TBILISI (Thomson Reuters Foundation) – She got slammed against her bathroom door and beaten up for refusing her husband sex. He got off with a small fine.
Welcome to Russia – where an estimated one in five women suffer violence from their husband and where rights groups say the law offers little punishment and even less protection.
Galina thinks her husband got off lightly and hopes a new drive on domestic violence could mean other abusers wouldn’t.
She said her spouse was given a 7,000-rouble ($92) fine and a warning that were he to turn violent again within 12 months, criminal charges might follow.
As the clock ticked down on his year’s probation, she said the beatings resumed.
“I spent a year running around with lawyers going to the police and other institutions and finally the only thing we could get was this,” Galina, who preferred not to give her full name, said of the court order that put him on notice for a year.
Her lawyer said similar cases were common in Russia, where machismo looms large and gender roles are often antiquated.
Many women face social pressure to look feminine, find a man and raise children, with family seen as their top priority.
Yet, now, a new court ruling has offered a glimmer of hope to those who want to change this antiquated setup.
Last week, Russia’s constitutional court ruled that punishment for domestic violence and protection for victims were inadequate, ordering lawmakers to update relevant legalisation.
The ruling followed an appeal by a woman who had been “systematically” beaten by her brother. He was found guilty several times but only given fines and community service.
Russia decriminalised some forms of domestic violence in 2017, with supporters saying this allowed parents to discipline their children and cut state meddling in family life.
Today, beating a family member in Russia is classified as an administrative offence and generally punished with a fine.
If the offence recurs within a year, it becomes a criminal matter; if a third beating follows that 12-month window, it is again dealt with under administrative law – not as a crime.
The court said the rule must be revised to ensure that repeat offenders face stiffer punishments – something that activists hope may lead to a broader change in official outlook.
“We would like to believe that the decision … will become a reason for the legislator to think about the ineffectiveness of decriminalising beatings and the lack of adequate protection for victims,” said Tatiana Belova, a lawyer with the Consortium of Women’s Nongovernmental Associations.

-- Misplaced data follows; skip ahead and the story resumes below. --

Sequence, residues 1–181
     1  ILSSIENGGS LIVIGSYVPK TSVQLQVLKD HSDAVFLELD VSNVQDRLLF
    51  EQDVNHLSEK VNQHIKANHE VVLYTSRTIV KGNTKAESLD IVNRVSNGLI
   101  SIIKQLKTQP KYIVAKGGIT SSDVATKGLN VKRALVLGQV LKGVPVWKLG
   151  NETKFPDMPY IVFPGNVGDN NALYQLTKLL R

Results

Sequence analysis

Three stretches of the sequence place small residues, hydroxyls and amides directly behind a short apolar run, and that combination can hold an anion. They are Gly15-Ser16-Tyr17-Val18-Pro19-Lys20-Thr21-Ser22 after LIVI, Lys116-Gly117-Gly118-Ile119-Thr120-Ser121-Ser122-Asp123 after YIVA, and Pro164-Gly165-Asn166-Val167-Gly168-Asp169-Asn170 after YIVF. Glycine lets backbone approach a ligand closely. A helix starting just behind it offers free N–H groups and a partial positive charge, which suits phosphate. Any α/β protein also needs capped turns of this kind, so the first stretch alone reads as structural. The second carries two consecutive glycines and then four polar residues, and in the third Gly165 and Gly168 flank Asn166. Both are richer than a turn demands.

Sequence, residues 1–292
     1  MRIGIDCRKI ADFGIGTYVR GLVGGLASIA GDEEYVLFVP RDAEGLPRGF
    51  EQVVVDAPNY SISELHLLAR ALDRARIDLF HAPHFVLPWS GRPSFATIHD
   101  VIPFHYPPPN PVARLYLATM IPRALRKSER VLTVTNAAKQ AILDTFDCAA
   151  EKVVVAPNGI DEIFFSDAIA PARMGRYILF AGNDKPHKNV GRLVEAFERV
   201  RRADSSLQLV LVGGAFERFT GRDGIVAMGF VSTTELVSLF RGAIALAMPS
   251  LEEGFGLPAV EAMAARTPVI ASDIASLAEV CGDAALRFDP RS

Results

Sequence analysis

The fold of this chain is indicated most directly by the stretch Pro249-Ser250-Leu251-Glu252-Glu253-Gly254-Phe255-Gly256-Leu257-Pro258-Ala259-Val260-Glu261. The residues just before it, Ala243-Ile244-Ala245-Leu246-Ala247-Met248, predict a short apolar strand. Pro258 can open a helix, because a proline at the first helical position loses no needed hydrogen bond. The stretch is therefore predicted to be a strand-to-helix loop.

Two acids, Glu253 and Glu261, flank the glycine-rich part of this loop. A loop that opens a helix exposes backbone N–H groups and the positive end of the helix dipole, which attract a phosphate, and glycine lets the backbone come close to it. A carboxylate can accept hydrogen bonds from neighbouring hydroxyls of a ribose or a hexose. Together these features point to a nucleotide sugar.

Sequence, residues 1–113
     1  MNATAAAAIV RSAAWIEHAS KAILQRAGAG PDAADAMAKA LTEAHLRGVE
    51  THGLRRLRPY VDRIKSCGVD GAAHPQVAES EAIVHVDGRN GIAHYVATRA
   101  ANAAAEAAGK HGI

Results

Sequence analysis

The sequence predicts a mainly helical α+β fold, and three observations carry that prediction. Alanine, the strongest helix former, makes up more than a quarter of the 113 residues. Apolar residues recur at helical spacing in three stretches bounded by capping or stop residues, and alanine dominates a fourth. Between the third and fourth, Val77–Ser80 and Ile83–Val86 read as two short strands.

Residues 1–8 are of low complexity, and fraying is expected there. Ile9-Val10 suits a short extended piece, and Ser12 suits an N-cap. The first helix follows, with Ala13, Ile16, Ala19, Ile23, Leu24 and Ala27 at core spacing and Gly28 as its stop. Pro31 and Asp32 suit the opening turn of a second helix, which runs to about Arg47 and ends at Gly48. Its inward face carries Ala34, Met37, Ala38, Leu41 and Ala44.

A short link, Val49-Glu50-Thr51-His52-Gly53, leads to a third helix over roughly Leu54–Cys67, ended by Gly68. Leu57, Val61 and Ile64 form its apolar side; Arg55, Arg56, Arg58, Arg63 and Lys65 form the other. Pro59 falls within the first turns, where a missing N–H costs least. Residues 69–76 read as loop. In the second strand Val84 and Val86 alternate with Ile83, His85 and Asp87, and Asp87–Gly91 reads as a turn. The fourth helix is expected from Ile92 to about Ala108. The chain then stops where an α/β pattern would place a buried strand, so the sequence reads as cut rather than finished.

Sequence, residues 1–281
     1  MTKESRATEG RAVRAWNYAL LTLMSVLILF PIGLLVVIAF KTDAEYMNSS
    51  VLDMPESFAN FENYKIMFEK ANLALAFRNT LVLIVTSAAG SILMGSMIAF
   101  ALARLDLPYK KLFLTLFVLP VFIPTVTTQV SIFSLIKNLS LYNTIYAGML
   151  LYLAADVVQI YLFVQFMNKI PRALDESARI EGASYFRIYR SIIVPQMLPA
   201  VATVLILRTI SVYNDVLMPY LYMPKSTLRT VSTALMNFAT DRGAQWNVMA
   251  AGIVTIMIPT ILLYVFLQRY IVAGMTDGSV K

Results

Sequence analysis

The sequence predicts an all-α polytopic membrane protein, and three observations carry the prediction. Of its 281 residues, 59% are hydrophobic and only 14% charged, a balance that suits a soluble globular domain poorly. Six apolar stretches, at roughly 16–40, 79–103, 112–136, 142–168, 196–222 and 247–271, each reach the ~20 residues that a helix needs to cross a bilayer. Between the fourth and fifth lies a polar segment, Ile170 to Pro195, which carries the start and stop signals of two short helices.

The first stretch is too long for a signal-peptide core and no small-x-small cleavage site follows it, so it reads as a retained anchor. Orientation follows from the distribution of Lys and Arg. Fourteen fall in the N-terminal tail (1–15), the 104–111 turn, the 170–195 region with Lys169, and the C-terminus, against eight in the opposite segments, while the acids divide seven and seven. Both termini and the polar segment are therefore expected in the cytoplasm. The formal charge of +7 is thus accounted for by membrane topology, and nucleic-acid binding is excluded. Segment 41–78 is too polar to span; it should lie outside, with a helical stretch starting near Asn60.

Janette Akhilgova, of Equality Now, a women’s rights group, said police were ill-trained on domestic abuse, that women were often left to collect evidence solo and there was no mechanism for restraining orders to keep them safe.
“Just punishing people is not enough,” she told the Thomson Reuters Foundation by phone. “We truly and widely lack any systemic institutional approach to preventing violence,”
The justice ministry did not reply to a request for comment.
Galina said police initially dismissed her complaint and would not even consider accusations that her husband tried to rape her, saying it was her duty to have sex with him.
The 57-year-old said she still has to share her council flat home with her husband and his mother, as she fears leaving would mean losing a home in Moscow.
“They have been giving me a very hard time,” she said by phone, adding the ordeal has made her feel that women like her have been “abandoned” by the state.
“I really hope that lawmakers will toughen the responsibility for domestic violence … (and) do something so that women know they are protected by the law,” she said.
A series of high-profile cases and awareness campaigns in recent years have created a public discourse around domestic violence, which has made change possible, said Akhilgova.
A 2020 survey by the Levada Centre, an independent Russian pollster, found about two in three Russians think domestic violence is a serious problem, and almost 80% back new laws.
Yet expectations of a major legal overhaul are “too optimistic”, as reform efforts have faced stiff opposition from conservative and religious groups, said Akhilgova.
“A lot of our politicians hold very conservative views regarding family and gender roles,” she said.
Discussions on a 2019 draft law to boost protection have been postponed by the pandemic, despite evidence that COVID-19 lockdowns have exacerbated domestic violence worldwide.
Reporting by Umberto Bacchi @UmbertoBacchi, Editing by Lyndsay Griffiths. Please credit the Thomson Reuters Foundation, the charitable arm of Thomson Reuters, that covers the lives of people around the world who struggle to live freely or fairly. Visit news.trust.org